By Kebour Gnenna
It is not often that we get to use the words “psychopath” or “narcissist”. But this seems to be an occasion for it. If you’re not clear about the words: Google them.
In general psychopathy and narcissism are said to be characteristics of people in position of power. In recent times, psychopathic leaders have been mostly found in less economically developed countries with poor infrastructures and insecure political and social institutions. Psychopaths possess a profound lack of empathy. They use other people callously and remorselessly for their own ends. By advancing their own interests, with little regard for the agony they might inflict on others, they jeopardize the welfare of their citizens.
In short, psychopathy is bad governance.
Those with narcissistic personalities tend to crave attention and affirmation and feel it is right that other people should be subservient to them and that they have the right to dominate them. Their lack of compassion means they have no qualms about exploiting other people to attain or maintain their power, they prefer mindless, non-thinking, adoring and easily manipulated zombies so they can retain their power, control, and strip their country’s from its limited wealth. For them, we the people, only exist for the benefit of the state.
Meanwhile, the kind of people who we might think are ideally suited to take on positions of power – people who are empathetic, fair minded, responsible and wise – are naturally disinclined to seek it. Empathetic people are able to understand the needs of others. It means they’re aware of their feelings and their thinking. They like to remain grounded and interact with others, rather than elevating themselves. They don’t desire control or authority, but connection, leaving those leadership roles vacant for those with more narcissistic and psychopathic character traits. Leaders with empathy have very often been the bedrock of outcomes that changed the course of nations and organizations. Unfortunately empathetic and fair-minded people gradually fall away. They are either ostracized or step aside voluntarily, appalled by the growing pathology around them.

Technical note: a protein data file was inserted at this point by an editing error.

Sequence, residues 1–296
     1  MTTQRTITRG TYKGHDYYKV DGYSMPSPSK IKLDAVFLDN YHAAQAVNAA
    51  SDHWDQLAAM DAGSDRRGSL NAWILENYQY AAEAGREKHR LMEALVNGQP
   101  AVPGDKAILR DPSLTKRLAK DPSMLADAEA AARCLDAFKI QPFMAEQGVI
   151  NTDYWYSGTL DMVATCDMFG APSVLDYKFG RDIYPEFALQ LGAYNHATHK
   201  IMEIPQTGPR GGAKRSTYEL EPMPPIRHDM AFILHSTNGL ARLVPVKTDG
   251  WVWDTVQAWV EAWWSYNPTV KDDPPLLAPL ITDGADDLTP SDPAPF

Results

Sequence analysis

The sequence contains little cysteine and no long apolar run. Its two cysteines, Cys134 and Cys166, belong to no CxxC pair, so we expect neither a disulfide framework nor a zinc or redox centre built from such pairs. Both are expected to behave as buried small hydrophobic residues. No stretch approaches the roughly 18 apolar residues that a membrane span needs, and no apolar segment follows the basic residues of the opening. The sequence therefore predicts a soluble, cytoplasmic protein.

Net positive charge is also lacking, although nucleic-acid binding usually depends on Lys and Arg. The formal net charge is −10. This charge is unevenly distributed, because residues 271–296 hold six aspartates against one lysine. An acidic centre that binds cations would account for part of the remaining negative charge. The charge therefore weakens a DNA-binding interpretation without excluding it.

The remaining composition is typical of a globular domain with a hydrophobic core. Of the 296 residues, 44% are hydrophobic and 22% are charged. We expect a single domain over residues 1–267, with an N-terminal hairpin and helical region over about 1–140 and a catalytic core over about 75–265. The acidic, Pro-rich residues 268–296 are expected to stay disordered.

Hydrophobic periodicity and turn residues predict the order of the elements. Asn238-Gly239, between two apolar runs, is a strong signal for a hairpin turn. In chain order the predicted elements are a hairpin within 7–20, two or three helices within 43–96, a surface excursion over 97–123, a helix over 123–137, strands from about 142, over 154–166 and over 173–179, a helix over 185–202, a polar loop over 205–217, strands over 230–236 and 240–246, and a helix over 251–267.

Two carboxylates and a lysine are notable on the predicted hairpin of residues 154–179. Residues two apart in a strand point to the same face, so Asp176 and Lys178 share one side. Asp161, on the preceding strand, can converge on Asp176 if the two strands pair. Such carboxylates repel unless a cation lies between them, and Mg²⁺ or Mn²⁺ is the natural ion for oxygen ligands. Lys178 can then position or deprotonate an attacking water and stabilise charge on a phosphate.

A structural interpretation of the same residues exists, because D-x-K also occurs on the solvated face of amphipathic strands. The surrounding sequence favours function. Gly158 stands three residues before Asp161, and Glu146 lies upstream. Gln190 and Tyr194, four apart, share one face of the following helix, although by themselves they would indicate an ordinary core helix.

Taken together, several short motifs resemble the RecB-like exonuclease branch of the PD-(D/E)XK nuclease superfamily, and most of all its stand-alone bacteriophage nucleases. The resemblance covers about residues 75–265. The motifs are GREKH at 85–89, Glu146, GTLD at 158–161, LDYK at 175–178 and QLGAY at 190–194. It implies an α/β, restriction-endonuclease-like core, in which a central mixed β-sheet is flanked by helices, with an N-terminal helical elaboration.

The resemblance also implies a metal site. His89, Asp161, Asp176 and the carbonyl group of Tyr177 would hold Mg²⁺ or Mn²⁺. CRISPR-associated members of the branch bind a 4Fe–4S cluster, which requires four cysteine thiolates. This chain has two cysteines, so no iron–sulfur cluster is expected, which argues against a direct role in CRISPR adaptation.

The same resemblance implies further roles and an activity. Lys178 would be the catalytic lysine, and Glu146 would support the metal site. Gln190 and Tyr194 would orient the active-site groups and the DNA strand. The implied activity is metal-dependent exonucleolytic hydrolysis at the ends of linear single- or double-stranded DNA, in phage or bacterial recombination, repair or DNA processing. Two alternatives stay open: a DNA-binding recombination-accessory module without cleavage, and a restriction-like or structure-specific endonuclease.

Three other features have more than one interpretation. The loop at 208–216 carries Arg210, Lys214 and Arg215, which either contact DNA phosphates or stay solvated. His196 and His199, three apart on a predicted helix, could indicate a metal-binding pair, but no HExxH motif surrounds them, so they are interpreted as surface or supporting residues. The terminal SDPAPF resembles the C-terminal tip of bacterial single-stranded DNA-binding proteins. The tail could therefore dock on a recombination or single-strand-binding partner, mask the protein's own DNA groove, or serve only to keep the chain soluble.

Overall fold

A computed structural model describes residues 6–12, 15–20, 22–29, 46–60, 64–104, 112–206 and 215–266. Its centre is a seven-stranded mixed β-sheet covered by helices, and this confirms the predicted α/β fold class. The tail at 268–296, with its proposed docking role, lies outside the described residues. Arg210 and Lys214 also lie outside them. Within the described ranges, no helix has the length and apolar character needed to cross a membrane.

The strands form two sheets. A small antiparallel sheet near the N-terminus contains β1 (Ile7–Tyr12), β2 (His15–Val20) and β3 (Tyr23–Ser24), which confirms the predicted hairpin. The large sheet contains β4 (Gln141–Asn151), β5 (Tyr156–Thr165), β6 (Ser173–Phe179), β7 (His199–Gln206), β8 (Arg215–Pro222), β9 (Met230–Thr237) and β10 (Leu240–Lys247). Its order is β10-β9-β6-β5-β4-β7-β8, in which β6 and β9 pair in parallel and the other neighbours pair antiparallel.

Yet it would be misleading to say it is only psychopaths and narcissists who gain power. Instead, many suggest there are generally three types of leaders.
The first are accidental leaders who gain power without a large degree of conscious intention on their part, but due to privilege or merit (or a combination). Second are the idealistic and altruistic leaders, probably the rarest type. They feel impelled to gain power to improve the lives of other people – or to promote justice and equality, and try to become instruments of change. But the third are the narcissistic and psychopathic leaders, whose motivation for gaining power is purely self-serving.
This doesn’t just apply to politics, of course. It’s an issue in every organization with a hierarchical structure. In any institution or company, there is a good chance that those who gain power are highly ambitious and ruthless, and lacking in empathy.
Narcissistic and psychopaths leaders may seem appealing because they are often charismatic (they cultivate charisma in order to attract attention and admiration). As leaders they can be confident and decisive and their lack of empathy can promote a single-mindedness which can, in some cases, lead to achievement. Ultimately though, any positive aspects are far outweighed by the chaos and suffering they create.
Psychopathy is destructive, no matter whether it roams the back streets of Washington DC or roams on Arat Kilo.
Editor’s note : the article was first published on the personal facebook page of Kebour Ghenna
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